The internationally celebrated and prolific French film director Bertrand Tavernier has died aged 79.
His most famous films include The Clockmaker (1974), Round Midnight (1986) and Life and Nothing But (1989).
He was born in Lyon under Nazi occupation in 1941 and his father René, a writer, was in the French Resistance.
Tavernier headed the Institut Lumière, named after the brothers who invented cinema. His work spanned several genres from thrillers to historical dramas.
Tavernier was also a screenwriter, actor and producer. He developed a passion for cinema as a teenager while staying at a sanatorium, getting treatment for tuberculosis.
He said Hollywood’s golden age – especially Westerns – inspired him. That was especially clear in his 2009 American film In the Electric Mist, starring Tommy Lee Jones and John Goodman.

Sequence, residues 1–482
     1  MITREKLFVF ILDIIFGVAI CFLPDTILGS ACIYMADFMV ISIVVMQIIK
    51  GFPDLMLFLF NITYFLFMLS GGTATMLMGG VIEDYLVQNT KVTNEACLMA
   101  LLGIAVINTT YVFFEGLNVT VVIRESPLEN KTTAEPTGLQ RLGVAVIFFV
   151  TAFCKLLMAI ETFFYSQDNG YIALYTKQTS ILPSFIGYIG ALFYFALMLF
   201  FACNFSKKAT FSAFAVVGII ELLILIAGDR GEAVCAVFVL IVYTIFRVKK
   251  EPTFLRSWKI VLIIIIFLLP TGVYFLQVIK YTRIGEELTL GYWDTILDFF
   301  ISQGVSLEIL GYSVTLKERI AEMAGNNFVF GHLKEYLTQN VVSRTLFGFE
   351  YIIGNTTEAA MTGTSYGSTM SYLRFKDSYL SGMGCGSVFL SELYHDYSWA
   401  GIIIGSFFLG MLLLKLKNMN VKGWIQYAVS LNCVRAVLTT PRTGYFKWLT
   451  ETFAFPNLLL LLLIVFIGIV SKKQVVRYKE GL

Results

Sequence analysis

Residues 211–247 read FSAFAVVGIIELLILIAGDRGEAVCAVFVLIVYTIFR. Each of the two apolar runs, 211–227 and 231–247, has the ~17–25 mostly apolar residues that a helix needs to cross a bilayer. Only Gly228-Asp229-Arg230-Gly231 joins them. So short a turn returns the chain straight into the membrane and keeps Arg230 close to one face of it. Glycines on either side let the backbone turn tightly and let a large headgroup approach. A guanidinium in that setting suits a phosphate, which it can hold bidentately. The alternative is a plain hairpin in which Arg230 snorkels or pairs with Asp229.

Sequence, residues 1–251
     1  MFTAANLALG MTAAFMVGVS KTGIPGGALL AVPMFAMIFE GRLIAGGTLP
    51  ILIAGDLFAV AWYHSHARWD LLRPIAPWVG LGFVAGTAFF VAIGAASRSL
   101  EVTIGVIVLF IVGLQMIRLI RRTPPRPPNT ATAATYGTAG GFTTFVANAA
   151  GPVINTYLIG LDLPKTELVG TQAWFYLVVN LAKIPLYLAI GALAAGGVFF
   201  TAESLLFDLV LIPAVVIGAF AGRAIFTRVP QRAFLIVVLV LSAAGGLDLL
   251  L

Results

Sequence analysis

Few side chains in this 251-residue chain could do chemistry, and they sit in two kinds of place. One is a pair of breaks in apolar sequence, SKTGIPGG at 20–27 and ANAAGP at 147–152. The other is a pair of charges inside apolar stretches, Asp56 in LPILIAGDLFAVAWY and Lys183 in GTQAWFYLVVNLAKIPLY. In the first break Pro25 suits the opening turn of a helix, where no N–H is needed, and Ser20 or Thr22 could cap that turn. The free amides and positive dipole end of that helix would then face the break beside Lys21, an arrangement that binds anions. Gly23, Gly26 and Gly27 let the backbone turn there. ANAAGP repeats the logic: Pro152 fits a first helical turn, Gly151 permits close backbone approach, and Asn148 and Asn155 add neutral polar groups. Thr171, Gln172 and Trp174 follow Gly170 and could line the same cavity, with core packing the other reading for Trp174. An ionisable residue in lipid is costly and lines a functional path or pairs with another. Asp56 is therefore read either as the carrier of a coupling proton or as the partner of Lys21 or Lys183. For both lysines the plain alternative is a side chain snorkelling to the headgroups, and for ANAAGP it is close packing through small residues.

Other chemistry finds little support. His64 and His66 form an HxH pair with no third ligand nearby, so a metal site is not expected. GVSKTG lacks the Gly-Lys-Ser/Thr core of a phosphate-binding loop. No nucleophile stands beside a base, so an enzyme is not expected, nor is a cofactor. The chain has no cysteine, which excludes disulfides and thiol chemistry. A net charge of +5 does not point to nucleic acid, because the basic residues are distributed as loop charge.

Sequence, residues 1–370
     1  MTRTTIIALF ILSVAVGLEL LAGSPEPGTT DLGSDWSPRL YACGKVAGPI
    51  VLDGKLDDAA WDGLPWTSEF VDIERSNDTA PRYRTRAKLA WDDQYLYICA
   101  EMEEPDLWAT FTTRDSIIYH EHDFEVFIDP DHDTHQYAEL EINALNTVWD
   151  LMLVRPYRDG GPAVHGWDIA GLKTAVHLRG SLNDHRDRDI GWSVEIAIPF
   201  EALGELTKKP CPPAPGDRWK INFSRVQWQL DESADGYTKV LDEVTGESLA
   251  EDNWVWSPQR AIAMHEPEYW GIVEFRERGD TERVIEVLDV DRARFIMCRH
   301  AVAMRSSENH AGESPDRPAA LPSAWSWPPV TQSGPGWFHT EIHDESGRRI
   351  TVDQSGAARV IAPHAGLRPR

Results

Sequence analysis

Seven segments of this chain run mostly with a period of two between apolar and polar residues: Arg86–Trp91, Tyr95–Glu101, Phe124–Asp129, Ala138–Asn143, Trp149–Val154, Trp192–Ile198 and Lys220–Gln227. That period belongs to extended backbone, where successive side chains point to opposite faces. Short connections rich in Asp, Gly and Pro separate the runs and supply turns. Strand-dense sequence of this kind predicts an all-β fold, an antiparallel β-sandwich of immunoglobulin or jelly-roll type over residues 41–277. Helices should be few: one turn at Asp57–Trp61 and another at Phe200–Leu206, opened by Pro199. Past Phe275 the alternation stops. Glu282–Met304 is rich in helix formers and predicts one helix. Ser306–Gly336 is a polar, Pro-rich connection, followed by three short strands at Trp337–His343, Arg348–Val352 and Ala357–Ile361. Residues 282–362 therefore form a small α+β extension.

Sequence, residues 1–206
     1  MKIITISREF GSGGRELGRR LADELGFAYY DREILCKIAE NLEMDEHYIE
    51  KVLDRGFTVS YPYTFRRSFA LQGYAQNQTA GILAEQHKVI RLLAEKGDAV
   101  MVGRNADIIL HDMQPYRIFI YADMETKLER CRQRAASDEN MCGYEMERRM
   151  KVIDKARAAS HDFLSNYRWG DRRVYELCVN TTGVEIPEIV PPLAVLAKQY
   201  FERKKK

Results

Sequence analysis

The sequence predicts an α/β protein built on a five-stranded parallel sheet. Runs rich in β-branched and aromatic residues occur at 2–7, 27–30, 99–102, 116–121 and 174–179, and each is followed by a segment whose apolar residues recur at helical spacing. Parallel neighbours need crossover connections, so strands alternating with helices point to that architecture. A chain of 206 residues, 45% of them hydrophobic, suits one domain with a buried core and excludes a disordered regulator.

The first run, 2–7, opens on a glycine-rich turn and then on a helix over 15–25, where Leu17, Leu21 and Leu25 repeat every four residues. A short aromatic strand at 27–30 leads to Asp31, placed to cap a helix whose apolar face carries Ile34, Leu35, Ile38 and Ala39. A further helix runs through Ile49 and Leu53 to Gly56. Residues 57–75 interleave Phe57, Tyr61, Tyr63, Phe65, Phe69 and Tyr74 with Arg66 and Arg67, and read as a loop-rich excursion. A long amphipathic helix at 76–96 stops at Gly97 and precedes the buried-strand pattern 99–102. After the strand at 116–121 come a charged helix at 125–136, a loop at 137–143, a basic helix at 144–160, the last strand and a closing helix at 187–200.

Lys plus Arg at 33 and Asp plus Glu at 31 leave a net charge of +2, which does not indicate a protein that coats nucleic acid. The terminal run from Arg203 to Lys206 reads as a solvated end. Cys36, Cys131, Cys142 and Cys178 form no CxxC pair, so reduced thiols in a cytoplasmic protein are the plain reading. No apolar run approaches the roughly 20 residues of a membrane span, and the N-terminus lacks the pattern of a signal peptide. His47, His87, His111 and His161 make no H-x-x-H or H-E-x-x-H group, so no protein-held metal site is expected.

The 1986 film Round Midnight dramatises the life of a struggling jazz musician and pianist Herbie Hancock won an Oscar for the film’s score.
But Tavernier mainly focused on French themes and became a campaigner for French culture.
In 2003 he criticised special effects-driven blockbusters, saying “if the technology is controlling us, it will transform us into stupid children, and in a way, part of the American cinema does that”.
His first feature film, The Clockmaker, won a Silver Bear award at the Berlin Film Festival. A crime drama with social and political dimensions, it starred Philippe Noiret, who also acted in many subsequent Tavernier films.
Tavernier went on to win many more film honours in France and internationally.
His early work was dominated by crime thrillers. But he also embraced left-wing causes. He attacked French colonial abuses in Algeria, censorship and discrimination against migrants.
Alberto Barbera, director of the Venice Film Festival, called Tavernier “a complete auteur, instinctively anti-conformist and courageously eclectic”.